Polybius, Histories, Shorter Fragments, A: Fragments whose reference is known (search)
4 sq. II (6, 2) B. C. 672.Polybius, like Aristodemus of Elis, informs us that the register of the athletic victors at the Olympic games began to be kept from the 27th Olympiad, at which Coroebus of Elis was first registered as conqueror in the stadium; and this Olympiad was regarded as an era by the Greeks from which to calculate dates.From Eusebius. It may be noted that this statement of Polybius is an earlier evidence than any other for the existence of an Olympian register prior to B. C. 600. Pausanias also dates the register from the year of Coroebus's victory (5, 8, 6). III (6, 2) The Palatine was named after Pallas, who died there. He was the son of Heracles and Lavina, daughter of Evander. His maternal grandfather raised a barrow as his tomb on this hill, and called the place after him the Pallantium. IV (6, 2) Among the Romans women are forbidden to drink wine; and they drink what is called passum, which is made from raisins, and tastes very like the sweet wine of Aegosthe
Strabo, Geography (ed. H.C. Hamilton, Esq., W. Falconer, M.A.), BOOK II., CHAPTER I. (search)
same time himself frequently deciding as to right lines and parallels, not by actual measurement, but mere conjecture. Such is the first error of this writer. A second is, that he never lays down the distances as Eratosthenes has given them, nor yet reasons on the data furnished by that writer, but from mere assumptions of his own coinage. Thus, where Eratosthenes states that the distance from the mouth of the [Thracian Bosphorus] to the Phasis is 8000 stadia, from thence to Dioscurias 600 stadia,Now Iskouriah. Dioscurias, however, is 800 stadia from the Phasis, of 700 to a degree. and from Dioscurias to Caspius five days' journey, (which Hipparchus estimates at 1000 stadia,) the sum of these, as stated by Eratosthenes, would amount to 9600 stadia. This Hipparchus abridges in the following manner. From the Cyaneæ to the Phasis are 5600 stadia, and from the Phasis to the Caspius 1000 more.According to our improved charts, the distance from the meridian of the Cyaneæ to that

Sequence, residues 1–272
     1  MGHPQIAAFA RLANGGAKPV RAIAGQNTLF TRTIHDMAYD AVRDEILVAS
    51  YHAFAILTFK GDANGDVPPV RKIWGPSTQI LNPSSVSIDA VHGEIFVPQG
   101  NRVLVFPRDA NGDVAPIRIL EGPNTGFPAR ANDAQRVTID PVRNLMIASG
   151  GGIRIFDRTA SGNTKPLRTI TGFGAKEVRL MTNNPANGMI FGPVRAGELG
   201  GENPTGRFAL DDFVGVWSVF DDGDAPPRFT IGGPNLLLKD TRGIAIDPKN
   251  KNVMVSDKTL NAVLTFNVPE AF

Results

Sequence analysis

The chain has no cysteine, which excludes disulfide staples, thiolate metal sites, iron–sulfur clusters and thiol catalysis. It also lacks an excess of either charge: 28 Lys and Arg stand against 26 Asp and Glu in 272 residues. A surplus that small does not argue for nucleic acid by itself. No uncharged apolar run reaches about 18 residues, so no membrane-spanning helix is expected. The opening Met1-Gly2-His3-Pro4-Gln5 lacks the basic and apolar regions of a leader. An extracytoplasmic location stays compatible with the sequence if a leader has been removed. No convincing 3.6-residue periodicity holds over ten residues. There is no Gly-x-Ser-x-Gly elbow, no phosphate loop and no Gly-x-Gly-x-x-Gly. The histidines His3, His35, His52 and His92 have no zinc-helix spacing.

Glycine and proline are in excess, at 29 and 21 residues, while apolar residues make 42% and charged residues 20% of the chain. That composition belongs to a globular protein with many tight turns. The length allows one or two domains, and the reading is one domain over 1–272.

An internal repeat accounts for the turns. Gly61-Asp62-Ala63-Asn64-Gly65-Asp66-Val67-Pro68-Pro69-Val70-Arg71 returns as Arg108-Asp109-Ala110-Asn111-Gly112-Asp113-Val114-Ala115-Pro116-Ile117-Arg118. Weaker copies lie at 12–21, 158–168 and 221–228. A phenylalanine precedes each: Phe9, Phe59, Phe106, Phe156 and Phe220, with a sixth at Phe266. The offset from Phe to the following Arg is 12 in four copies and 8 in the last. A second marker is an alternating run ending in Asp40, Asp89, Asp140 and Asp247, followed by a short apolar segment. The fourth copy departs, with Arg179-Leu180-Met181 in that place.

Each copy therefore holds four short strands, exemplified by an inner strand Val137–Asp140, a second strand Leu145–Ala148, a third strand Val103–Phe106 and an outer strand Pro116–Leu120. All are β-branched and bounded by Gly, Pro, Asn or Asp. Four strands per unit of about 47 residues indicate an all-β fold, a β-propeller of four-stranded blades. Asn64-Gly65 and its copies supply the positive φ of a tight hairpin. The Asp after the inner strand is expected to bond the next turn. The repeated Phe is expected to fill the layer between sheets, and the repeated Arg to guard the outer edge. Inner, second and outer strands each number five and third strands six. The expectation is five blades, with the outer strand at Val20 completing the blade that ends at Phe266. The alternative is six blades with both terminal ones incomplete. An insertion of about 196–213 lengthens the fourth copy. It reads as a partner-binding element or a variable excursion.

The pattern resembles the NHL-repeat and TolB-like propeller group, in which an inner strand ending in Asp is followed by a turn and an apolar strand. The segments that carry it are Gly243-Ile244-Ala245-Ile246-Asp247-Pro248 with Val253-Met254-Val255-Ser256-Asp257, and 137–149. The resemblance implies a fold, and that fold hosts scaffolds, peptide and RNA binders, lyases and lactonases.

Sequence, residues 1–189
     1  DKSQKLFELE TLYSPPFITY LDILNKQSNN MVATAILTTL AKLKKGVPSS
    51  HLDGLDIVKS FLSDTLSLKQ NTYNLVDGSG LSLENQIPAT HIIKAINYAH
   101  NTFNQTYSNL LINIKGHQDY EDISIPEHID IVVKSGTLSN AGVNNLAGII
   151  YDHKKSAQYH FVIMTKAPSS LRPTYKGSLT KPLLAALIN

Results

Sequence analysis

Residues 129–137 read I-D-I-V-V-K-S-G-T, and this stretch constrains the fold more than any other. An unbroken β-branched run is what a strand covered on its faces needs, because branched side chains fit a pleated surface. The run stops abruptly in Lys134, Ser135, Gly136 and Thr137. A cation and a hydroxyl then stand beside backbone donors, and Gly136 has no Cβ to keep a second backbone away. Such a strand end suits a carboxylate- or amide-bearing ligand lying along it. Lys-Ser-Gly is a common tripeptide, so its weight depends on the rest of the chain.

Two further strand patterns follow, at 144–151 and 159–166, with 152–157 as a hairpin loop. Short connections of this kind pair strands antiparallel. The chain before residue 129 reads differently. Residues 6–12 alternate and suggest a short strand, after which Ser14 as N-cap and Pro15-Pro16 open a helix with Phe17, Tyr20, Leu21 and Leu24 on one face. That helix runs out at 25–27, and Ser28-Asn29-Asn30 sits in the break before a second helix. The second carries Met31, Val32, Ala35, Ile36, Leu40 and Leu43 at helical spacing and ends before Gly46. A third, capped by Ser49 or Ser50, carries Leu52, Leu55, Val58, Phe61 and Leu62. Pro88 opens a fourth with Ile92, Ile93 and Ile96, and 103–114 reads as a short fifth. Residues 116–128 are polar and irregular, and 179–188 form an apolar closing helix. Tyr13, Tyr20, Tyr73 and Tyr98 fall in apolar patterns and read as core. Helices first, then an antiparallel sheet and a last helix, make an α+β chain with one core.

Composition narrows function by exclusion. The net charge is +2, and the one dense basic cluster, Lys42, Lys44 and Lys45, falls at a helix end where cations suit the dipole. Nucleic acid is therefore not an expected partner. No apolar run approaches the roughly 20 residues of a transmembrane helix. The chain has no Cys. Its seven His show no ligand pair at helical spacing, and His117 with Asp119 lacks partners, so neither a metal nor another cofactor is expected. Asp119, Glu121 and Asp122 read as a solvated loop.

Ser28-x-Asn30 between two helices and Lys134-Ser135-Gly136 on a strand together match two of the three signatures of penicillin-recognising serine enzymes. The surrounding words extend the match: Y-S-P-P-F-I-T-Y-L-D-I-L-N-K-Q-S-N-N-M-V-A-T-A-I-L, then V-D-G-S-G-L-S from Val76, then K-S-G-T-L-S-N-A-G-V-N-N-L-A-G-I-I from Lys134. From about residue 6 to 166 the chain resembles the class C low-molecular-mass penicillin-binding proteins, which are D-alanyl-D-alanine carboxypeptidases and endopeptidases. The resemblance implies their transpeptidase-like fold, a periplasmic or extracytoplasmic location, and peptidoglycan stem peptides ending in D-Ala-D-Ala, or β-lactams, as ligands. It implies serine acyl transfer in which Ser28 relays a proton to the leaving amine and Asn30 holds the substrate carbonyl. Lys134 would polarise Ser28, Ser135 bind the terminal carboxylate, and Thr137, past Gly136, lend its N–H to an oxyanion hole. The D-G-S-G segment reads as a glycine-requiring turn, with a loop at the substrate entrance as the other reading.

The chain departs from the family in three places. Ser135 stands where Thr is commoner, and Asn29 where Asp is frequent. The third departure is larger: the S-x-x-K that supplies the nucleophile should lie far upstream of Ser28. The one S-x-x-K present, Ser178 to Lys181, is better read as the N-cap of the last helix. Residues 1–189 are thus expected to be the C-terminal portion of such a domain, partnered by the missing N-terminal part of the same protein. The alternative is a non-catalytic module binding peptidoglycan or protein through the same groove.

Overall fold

Titus Livius (Livy), The History of Rome, Book 21 (ed. Benjamin Oliver Foster, Ph.D.), chapter 20 (search)
tter; on the contrary, they heard that men of their own race were being driven from the land and even out of the borders of Italy by the Roman People, and were paying tribute and suffering every other humiliation. In the rest of the Gallic councils their proposals and the replies they got were to substantially the same effect, nor did they hear a single word of a truly friendly or peaceable tenor until they reached Massilia.Massilia (Marseilles), founded by Phocaeans about 600 B.C., had been, from the period of the Kings, a faithful ally of Rome. Here they learned of all that had happened from their allies, who had made enquiries with faithful diligence. They reported that Hannibal had been beforehand with the RomansB.C. 218 in gaining the good-will of the Gauls, but that even he would find them hardly tractable —so fierce and untamed was their nature —unless from time to time he should make use of gold, of which the race is very covetous, to secure the favour of thei